“When I was 9 years old, his dad was a coach of the Rotary Indian Little League team, and he had the draft in their backyard,” McElroy says. “He drafted me. So [McConaughey’s] dad was my Little League baseball coach, as crazy as that sounds.”
Those connections are why, when McElroy’s pro career was winding down, and he and his wife, Gale, were living in Southern California, that tug of Uvalde pulled him back.
They wound up buying a 150-acre ranch five miles outside of town in 1990 and built their dream home. McElroy was traded that fall from the Raiders to the Seahawks, playing two more seasons in Seattle, giving him 11 in the NFL. He then wound up getting into player representation and started his own agency, in part because it would allow him to raise his family in the town he grew up.
All four of he and Gale’s kids went through the Uvalde school system (none attended Robb), and even with all of them grown and out of the house now, the community McElroy grew up in is intact in a lot of ways—to the people he’ll run into at the H.E.B. (branch of a supermarket chain) or Walmart on a daily basis that he’s known for decades.
“I don’t lock my doors,” he says. “It’s still that type of community. Everyone’s looking out for the other one’s kids. It’s just a good place that way.”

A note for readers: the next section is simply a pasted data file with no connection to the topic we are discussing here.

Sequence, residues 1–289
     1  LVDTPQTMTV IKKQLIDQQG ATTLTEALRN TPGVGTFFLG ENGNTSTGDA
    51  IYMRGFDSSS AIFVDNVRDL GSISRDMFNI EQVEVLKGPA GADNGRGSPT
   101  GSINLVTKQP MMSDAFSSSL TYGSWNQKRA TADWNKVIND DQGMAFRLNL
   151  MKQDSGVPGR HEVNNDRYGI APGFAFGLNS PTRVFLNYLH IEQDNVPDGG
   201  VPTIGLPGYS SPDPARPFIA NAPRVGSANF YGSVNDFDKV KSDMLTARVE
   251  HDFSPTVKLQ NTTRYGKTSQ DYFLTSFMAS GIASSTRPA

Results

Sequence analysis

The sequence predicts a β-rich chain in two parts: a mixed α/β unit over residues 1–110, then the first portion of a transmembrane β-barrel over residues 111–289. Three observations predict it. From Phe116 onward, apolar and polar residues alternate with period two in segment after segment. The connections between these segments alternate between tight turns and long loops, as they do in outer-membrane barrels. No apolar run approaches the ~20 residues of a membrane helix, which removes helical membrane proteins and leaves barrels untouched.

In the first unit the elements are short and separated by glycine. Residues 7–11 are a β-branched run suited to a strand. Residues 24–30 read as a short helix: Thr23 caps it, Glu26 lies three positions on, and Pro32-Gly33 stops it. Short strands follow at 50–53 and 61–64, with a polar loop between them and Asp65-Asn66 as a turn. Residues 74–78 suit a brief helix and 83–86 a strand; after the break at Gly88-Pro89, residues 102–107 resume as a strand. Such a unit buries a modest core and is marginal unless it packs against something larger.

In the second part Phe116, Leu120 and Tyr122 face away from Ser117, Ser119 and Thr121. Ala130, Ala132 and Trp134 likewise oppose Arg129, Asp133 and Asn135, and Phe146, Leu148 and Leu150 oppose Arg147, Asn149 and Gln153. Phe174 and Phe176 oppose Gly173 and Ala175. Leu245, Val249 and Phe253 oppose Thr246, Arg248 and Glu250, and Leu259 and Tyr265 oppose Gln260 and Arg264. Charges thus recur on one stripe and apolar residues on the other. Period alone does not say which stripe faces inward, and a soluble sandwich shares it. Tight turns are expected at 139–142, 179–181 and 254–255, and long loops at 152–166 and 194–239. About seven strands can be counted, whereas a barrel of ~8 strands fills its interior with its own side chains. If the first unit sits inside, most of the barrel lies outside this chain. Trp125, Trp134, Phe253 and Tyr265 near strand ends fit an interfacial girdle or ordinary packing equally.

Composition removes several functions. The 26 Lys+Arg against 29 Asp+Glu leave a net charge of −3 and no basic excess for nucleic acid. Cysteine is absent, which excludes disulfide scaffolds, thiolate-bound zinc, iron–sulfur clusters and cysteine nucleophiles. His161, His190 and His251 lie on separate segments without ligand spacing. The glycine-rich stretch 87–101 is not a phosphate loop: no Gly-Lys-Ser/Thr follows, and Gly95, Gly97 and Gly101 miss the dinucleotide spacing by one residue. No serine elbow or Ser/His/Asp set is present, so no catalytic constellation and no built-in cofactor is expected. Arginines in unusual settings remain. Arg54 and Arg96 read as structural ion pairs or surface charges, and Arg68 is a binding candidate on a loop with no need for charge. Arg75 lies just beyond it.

Which is why he and so many others are so deeply affected by what happened last week.
In the days after the tragedy, McElroy did what anyone would, trying to figure out whether there was anyone he knew that was directly affected. He knew some grandparents and others who had kids that attended Robb but survived the attack. Then he struggled to process it. Nine days later, it still seems impossible.
“It’s a complete shock, everyone is just devastated, and I think everyone is dealing with it in their own way,” McElroy says. “My oldest son, V.J., and his wife, Margo, they have three kids, and they were struggling. They were emotional at times, and they’ll still break down a little bit, obviously hurting for the parents that lost their children, but knowing you could be one of those parents.